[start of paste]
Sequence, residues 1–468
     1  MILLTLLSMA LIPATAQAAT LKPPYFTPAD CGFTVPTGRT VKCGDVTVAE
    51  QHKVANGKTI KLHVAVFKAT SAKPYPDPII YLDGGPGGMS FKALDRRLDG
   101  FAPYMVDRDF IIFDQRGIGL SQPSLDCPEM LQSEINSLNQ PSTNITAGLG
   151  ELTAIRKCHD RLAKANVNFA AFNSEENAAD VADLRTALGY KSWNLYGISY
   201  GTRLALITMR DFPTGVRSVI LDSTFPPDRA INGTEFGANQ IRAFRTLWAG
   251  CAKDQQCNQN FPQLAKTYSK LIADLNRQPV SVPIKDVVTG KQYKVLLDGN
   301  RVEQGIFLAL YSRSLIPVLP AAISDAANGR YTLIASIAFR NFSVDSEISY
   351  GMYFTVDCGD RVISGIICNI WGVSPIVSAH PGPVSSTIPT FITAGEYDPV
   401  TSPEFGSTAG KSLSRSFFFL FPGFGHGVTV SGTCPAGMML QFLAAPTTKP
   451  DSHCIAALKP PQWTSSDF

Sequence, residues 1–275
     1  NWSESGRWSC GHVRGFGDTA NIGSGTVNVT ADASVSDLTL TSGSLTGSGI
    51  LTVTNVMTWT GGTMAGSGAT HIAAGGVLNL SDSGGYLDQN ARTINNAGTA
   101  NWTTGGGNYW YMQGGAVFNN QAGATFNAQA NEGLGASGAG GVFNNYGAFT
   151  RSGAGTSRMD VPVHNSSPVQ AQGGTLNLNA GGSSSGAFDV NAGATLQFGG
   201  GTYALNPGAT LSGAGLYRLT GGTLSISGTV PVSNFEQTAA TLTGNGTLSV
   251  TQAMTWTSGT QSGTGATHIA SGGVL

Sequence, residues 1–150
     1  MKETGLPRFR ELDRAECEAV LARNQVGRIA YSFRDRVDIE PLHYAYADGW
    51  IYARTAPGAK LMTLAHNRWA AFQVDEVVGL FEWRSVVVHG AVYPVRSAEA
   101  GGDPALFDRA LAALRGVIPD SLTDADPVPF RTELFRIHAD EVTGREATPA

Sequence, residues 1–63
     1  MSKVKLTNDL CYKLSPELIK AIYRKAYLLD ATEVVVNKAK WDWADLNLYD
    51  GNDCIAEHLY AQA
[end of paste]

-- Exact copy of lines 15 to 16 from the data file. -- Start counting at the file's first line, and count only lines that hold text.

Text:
   101  NWTTGGGNYW YMQGGAVFNN QAGATFNAQA NEGLGASGAG GVFNNYGAFT
   151  RSGAGTSRMD VPVHNSSPVQ AQGGTLNLNA GGSSSGAFDV NAGATLQFGG